Mentoring in Management

Mentoring in Management

Background:
Companies, especially those with a clearly defined long-term strategy, are interested in keeping and further developing their expertise and culture, and passing it over from one generation of unique leaders, managers, specialists and other key players to the next one. These tasks are almost impossible to complete by merely providing those chosen talented or high potential managers with just trainings and coachings, or the opportunity of learning by doing. Trainings may not “hit the point” of a company’s development needs, while coachings would help the coachees individually but not necessarily the company as a whole. Finally, learning by doing can take too long time and, anyway, not lead to the results expected.

To sufficiently facilitate the development of future company leaders, project managers and specialists it takes a more individualized, “non-standardized” approach. A “human-to-human” approach is required to pass complex personal experience with a company and its culture, differentiated know-ledge of the business and its key players/partners. Finally, it takes responsibility to advise younger people, self-assurance to connect them with useful colleagues, and courage to create a trustful, non-hierarchic atmosphere within a hierarchical system. This is what Mentoring stands for.

Many companies still live in the paradigm of separating their (hierarchic) corporate life from everything that reminds of a friendship-like way to deal with colleagues or “subordinates”. They still underestimate the strong impact of a real personal, human and authentic approach to one another.

Goal:

  • To make company leaders and HR professionals aware of Mentoring as a unique method to develop future generations of leaders and top managers
  • To incorporate Mentoring in the company’s approaches to targeted individual development in line with the company’s long-term strategy and corporate culture
  • To establish a proper system of interaction between the stakeholders of the Mentoring process (Superior of Mentee, Mentor, HR, Mentee)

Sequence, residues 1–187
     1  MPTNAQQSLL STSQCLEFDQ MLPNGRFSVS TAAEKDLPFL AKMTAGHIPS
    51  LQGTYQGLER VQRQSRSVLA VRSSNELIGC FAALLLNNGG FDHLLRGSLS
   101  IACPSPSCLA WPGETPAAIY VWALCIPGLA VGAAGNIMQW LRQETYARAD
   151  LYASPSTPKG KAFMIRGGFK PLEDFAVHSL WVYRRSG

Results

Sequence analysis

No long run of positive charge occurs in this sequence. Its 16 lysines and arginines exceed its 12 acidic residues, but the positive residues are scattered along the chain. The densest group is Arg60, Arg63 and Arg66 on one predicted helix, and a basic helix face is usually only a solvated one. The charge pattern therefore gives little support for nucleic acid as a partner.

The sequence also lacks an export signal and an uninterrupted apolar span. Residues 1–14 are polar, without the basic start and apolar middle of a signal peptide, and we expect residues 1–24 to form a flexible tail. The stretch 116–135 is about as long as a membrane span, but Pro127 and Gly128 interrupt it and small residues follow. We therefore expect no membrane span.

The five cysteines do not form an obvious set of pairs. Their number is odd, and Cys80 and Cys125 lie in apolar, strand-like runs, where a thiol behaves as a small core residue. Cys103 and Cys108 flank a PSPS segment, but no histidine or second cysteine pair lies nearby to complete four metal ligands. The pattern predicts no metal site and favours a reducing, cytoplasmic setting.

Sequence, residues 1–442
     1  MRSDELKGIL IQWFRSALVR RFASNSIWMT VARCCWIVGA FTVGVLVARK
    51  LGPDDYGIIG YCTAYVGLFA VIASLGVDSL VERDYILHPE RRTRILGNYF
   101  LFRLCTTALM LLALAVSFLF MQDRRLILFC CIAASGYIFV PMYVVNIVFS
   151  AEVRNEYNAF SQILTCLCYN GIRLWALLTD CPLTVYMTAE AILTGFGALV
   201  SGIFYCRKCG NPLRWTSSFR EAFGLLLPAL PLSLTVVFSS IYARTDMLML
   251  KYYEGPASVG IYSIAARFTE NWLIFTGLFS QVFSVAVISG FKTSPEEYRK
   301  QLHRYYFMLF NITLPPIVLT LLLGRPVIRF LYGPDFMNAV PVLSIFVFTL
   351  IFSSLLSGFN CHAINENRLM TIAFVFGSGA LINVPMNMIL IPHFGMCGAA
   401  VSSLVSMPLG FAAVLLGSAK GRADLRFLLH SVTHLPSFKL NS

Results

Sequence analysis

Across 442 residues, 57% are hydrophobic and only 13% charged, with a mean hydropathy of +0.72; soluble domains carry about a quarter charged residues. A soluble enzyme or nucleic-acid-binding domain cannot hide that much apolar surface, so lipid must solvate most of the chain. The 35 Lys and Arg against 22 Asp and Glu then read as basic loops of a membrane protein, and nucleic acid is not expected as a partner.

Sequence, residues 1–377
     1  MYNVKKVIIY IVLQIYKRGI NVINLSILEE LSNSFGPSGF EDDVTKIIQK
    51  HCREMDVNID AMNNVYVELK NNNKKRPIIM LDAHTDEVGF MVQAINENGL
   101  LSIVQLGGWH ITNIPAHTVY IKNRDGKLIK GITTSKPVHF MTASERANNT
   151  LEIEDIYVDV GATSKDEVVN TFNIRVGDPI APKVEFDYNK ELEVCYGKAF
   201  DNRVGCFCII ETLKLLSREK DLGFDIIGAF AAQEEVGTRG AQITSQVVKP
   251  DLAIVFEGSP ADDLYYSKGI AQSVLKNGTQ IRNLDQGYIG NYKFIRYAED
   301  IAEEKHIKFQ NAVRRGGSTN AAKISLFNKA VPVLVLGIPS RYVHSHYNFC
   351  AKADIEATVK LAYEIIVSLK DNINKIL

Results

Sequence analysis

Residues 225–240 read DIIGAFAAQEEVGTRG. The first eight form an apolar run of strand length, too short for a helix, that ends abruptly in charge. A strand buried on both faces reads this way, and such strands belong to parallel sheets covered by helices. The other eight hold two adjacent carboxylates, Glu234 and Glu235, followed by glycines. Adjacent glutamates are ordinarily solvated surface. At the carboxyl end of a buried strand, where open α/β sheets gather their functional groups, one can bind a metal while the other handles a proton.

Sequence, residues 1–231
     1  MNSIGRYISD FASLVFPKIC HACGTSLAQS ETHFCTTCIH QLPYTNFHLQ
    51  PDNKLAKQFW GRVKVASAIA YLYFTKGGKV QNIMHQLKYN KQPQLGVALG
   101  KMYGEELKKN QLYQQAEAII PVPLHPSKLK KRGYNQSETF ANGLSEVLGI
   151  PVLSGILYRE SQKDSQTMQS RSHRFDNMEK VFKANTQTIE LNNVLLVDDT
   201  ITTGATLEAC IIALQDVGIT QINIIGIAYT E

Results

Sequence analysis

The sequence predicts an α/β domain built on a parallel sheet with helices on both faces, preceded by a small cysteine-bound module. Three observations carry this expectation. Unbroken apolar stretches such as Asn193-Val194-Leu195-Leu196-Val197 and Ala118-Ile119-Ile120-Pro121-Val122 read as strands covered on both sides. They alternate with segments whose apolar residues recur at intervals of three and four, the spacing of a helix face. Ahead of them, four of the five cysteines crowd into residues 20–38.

• To prepare Mentors (and Mentees) to professionally conduct Mentoring
  • To purposefully “cultivate” unique qualities among those chosen, most talented managers and employees, necessary for solving future tasks
  • To encourage future leaders and top managers to actively engage in the further, strategic development of their company’s business and culture

Topics:

  • What is Mentoring? The difference to other methods and the unique specific of Mentoring
  • Why can’t the immediate superior to a mid-level manager be the Mentor to his subordinate?
  • Areas of application of Mentoring
  • Roles, tasks, techniques and tools in Mentoring
  • Planning and implementing of Mentoring sessions

Expected effects aside from the goal:

  • Increase in both Mentees’ and Mentors’ inspiration and motivation
  • Personal growth of Mentees (and Mentors) towards authentic communication and mutual support – in line with the corporate values
  • Future company leaders and top managers with necessary set of abilities and skills
  • Increased potential of successful business development according to company’s strategy
  • Increased loyalty and dedication/motivation of promising mid-level managers
  • No need to hire the right people from the labor market or through expensive head hunting

Target group:    
Top-Managers (Mentors) and managers on middle level (Mentees).

Duration:    2 + 1 for days – if part of a more complex project;
3 blocks of 4 days: 2 + 1 + 1 days – if used as stand-alone solution

Skills

Posted on

December 4, 2017

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